The Female Sexual Function Index can be used in the assessment of the sexual functioning of all women regardless of their ethnicity, age, educational background, economic status, and sexual orientation (Rosen et al., 2000). The assessment includes postmenopausal women too. The FSFI’s at-home setting and self-report technique make it a valid way of assessment of female sexual function in a naturalistic setting.
The Female Sexual Function Index is not suitable for sexually inactive women. The assessment is not a measure of sexual experience, knowledge, attitudes, or interpersonal functioning in women. The FSFI is not meant to replace diagnostic instruments or complex clinical evaluation. The data obtained is heavily dependent on the individual’s self-report. Other factors such as mental illnesses and disorders could also influence the results.Test-Retest Reliability
- Overall test-retest reliability coefficients were high for each domain of the IV-FSFI (r ranging from 0.73 to 0.86) (Fakhri et al., 2012)
- Test-retest correlation coefficients over 2-4 weeks were 0.84 (p < 0.05) for the total scale, 0.68-0.83 for the subscales (Liu et al., 2016)
- FSFI-J showed high test-retest reliability (ICC > 0.78) (Takahashi et al., 2011)
- The test-retest procedure revealed that the concordance correlation coefficient was very high both for FSFI-I total score (Pearson’s P = 0.93) and for each domain (Pearson’s P always >0.92). (Filocamo et al., 2014)
- Test-retest reliability was good (r=0.86-0.93) for all domains in the whole sample. (Ryding et al., 2015)
- Internal consistencies within the acceptable range (α ranging from 0.72 to 0.90) (Fakhri et al., 2012)
- FSFI-J showed high internal consistency (Cronbach’s α > 0.84) (Takahashi et al., 2011)
- Cronbach’s α coefficient for various domains was sufficiently high ranging from 0.84 to 0.97 (Rehman et al., 2015)
- Cronbach values were 0.94 for the total scale, 0.72-0.90 for the domains (Liu et al., 2016)
- Cronbach’s alpha coefficients for total and domain score were sufficiently high, ranging from 0.92 to 0.97 for the total sample. (Filocamo et al., 2014)
- Cronbach’s alpha was 0.90-0.96 (Ryding et al., 2015)
- Item-total correlation coefficients ranged between 0.47 and 0.83 (p < .05) (Liu et al., 2016)
- Correlations between all corresponding domains of the FSFI and the SFQ were high for the whole sample (r=0.74-0.87) and moderate to high for both the clinical and the control group. (Ryding et al., 2015)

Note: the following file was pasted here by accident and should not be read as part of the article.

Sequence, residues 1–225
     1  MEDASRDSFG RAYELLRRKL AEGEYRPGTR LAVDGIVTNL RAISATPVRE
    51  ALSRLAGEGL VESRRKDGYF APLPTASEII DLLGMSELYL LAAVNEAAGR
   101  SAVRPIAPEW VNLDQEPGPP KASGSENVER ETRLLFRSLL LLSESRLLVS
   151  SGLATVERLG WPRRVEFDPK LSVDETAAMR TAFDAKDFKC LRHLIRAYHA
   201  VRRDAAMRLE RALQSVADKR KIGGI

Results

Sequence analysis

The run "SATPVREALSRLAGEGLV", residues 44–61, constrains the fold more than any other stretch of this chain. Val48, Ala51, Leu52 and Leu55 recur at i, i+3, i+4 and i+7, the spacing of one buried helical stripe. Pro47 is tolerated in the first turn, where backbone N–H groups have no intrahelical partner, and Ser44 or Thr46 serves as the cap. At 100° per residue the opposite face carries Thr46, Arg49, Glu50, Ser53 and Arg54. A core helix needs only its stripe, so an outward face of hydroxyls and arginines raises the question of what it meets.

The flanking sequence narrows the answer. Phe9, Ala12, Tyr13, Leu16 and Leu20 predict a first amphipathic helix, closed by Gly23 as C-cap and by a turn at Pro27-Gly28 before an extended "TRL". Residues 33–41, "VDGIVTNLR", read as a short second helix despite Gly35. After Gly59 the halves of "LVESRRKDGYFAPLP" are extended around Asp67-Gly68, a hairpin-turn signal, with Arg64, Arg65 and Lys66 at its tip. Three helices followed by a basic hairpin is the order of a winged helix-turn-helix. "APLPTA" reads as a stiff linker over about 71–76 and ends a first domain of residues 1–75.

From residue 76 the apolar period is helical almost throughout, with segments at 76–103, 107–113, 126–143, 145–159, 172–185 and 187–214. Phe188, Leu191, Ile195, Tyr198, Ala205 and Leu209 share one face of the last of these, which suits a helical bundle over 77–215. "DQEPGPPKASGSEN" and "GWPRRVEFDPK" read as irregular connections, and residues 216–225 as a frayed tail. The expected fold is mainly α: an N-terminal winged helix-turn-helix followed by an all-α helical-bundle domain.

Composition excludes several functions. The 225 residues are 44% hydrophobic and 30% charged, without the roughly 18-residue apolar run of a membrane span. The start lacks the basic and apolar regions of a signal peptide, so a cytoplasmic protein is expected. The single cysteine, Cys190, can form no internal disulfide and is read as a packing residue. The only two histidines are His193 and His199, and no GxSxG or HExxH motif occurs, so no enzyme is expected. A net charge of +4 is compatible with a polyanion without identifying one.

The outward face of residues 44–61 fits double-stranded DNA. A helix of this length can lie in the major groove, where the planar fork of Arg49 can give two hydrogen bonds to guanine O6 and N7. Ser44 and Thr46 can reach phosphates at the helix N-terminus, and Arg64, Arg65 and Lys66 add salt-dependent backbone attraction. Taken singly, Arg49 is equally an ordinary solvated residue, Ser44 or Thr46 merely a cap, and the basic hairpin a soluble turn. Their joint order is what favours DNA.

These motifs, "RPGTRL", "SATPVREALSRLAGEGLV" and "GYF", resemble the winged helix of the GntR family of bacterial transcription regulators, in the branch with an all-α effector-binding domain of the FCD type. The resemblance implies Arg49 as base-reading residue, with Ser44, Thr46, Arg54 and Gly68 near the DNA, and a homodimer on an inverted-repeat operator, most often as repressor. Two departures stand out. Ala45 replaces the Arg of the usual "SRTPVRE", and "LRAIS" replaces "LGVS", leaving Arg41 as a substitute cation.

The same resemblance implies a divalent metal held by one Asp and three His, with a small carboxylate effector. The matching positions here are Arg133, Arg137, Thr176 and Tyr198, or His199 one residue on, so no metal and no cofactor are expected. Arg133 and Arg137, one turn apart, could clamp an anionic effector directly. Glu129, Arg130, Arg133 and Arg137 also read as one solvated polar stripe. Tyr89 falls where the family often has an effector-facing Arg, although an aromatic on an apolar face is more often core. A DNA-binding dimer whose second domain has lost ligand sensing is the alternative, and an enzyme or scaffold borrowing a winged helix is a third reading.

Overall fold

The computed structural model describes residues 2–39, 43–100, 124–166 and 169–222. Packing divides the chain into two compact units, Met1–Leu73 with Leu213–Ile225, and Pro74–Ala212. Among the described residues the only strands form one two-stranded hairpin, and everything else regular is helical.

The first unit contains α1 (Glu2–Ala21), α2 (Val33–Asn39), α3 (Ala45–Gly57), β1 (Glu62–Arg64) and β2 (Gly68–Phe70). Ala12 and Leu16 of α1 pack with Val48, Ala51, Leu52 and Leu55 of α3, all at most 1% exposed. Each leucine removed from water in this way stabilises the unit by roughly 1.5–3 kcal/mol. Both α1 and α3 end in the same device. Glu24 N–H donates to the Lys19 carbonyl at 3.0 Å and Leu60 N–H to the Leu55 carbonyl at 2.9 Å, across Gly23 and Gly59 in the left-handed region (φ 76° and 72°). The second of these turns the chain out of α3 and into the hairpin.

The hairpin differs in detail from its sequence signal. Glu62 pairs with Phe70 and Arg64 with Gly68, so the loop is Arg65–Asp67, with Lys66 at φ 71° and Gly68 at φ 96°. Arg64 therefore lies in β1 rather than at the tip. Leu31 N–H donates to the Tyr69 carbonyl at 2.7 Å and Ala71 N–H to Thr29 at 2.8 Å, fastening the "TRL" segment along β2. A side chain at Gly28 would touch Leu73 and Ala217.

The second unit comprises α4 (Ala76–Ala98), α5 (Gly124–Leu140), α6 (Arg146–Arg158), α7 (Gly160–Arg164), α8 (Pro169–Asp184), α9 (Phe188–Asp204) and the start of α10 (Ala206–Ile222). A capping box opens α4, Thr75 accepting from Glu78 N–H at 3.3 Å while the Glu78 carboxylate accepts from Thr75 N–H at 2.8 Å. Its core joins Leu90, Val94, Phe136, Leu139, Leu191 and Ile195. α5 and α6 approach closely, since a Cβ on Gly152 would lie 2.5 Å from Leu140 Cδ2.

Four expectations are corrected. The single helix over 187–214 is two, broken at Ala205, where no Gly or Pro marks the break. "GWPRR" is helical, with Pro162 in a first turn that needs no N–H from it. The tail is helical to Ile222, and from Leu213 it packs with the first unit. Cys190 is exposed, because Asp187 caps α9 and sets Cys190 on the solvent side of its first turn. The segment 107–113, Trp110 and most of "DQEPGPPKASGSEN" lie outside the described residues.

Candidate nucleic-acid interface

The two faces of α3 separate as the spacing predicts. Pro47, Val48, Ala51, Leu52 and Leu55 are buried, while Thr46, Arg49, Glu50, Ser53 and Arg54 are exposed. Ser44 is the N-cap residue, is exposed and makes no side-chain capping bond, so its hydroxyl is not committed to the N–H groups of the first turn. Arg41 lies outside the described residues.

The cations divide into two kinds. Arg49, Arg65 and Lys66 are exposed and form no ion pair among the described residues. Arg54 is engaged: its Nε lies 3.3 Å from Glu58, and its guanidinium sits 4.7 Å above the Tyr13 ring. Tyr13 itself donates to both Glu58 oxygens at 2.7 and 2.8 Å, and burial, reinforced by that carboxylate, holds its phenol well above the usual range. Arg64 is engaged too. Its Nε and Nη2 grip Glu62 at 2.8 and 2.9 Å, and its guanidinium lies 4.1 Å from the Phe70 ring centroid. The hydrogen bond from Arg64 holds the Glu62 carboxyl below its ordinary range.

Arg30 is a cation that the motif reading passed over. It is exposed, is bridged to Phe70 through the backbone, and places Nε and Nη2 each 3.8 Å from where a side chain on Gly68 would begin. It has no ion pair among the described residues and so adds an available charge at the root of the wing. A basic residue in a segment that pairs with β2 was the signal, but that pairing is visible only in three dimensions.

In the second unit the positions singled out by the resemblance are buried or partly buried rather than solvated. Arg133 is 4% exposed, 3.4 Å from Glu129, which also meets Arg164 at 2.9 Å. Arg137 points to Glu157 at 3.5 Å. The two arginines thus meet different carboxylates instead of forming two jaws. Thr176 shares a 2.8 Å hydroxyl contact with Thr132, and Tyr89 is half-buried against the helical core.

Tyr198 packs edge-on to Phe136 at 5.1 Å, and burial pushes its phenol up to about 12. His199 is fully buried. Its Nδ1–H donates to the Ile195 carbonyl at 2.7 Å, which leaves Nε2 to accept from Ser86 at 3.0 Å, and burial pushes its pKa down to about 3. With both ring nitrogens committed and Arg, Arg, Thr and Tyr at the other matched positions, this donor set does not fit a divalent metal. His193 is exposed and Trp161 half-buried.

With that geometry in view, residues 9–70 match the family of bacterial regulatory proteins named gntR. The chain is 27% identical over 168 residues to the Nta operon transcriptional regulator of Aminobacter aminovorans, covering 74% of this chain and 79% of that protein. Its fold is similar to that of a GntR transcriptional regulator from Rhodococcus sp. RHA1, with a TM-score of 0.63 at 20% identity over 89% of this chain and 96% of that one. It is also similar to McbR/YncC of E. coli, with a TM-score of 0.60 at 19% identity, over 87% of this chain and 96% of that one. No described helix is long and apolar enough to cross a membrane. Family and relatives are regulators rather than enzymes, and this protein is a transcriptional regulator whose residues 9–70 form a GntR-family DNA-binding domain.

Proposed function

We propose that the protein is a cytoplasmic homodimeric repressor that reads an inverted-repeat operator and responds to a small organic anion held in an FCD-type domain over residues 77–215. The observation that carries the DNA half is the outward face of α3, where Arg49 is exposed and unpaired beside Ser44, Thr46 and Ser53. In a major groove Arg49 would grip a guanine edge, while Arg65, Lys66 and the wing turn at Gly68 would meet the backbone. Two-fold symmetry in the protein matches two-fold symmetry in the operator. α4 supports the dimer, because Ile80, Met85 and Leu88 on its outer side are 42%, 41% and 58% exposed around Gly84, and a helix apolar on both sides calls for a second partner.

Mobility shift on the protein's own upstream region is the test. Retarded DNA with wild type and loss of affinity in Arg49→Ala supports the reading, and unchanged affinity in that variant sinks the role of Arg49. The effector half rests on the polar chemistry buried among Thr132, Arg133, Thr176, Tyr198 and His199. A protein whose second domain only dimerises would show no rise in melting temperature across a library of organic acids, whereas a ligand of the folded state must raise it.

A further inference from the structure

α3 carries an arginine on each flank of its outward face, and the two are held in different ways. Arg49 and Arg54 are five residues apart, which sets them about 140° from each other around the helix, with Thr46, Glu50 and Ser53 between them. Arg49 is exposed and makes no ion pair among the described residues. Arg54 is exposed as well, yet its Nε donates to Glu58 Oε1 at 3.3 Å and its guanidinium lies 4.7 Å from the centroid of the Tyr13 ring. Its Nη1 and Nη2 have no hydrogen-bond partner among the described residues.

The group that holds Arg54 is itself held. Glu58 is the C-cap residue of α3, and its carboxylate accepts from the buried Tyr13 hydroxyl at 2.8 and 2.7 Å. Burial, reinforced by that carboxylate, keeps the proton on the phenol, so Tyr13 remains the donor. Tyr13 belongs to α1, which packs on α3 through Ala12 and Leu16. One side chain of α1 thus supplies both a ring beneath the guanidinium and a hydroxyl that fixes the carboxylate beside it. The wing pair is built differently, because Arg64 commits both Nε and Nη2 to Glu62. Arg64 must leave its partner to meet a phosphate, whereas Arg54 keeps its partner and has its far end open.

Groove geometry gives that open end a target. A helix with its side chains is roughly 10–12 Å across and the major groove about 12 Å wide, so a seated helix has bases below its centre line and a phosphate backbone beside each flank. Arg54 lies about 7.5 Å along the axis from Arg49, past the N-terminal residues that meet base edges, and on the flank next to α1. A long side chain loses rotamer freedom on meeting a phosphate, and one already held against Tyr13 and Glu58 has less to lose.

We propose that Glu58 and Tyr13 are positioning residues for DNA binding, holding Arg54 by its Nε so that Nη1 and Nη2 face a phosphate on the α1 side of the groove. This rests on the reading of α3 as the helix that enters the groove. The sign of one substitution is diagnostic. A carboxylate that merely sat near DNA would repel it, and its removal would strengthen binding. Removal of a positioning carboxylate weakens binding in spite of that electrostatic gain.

- Discriminant validity was very good for each of the FSFI domains (P=0.001, t=7.05-15.58. (Ryding et al., 2015)
- The Female Sexual Function Index (FSFI) was developed to assess six domains of sexual function in women.
- The questionnaire consists of 19-items to measure sexual function concerning sexual desire, sexual arousal, lubrication, orgasm, satisfaction, and pain/discomfort.
- The FSFI was designed to assess sexual functioning of all women regardless of their ethnicity, age, educational background, economic status and sexual orientation.
- A problem occurring in any one of the 4 phases of the sexual response cycle (excitement, plateau, orgasm, and resolution) results in sexual dysfunction.
- The participant fills the FSFI survey with respect to the past 4 weeks of sexual activity.
- The FSFI is not suitable for assessing the sexual functioning of sexually inactive women.
- A score of less than 26.55 on the FSFI determines sexual dysfunction in the individual.
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Fakhri A, Pakpour AH, Burri A, Morshedi H, Zeidi IM (2012). The Female Sexual Function Index: translation and validation of an Iranian version. J Sex Med. 9(2):514-23. doi: 10.1111/j.1743-6109.2011.02553.x.
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Maaty AS, Gomaa AH, Mohammed GF, Youssef IM, Eyada MM (2013). Assessment of female sexual function in patients with psoriasis. J Sex Med. 10(6):1545-8. doi: 10.1111/jsm.12119.
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Rojas K, Onstad M, Raker C, Clark MA, Stuckey A, Gass J (2017). The impact of mastectomy type on the Female Sexual Function Index (FSFI), satisfaction with appearance, and the reconstructed breast’s role in intimacy. Breast Cancer Res Treat. 163(2):273-279. doi: 10.1007/s10549-017-4174-z.
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Ryding EL, Blom C (2015). Validation of the Swedish version of the Female Sexual Function Index (FSFI) in women with hypoactive sexual desire disorder. J Sex Med. 12(2):341-9. doi: 10.1111/jsm.12778.
Sogni F, Zacchero M, Parola A, Carboni F, Terrone C, Gontero P (2008). Sexual function in women undergoing hemodialytic treatment assessed using the female sexual function index (FSFI) and the somatic inkblot series (SIS) test. Clin Nephrol. 70(1):48-53.
Takahashi M, Inokuchi T, Watanabe C, Saito T, Kai I (2011). The Female Sexual Function Index (FSFI): development of a Japanese version. J Sex Med. 8(8):2246-54. doi: 10.1111/j.1743-6109.2011.02267.x.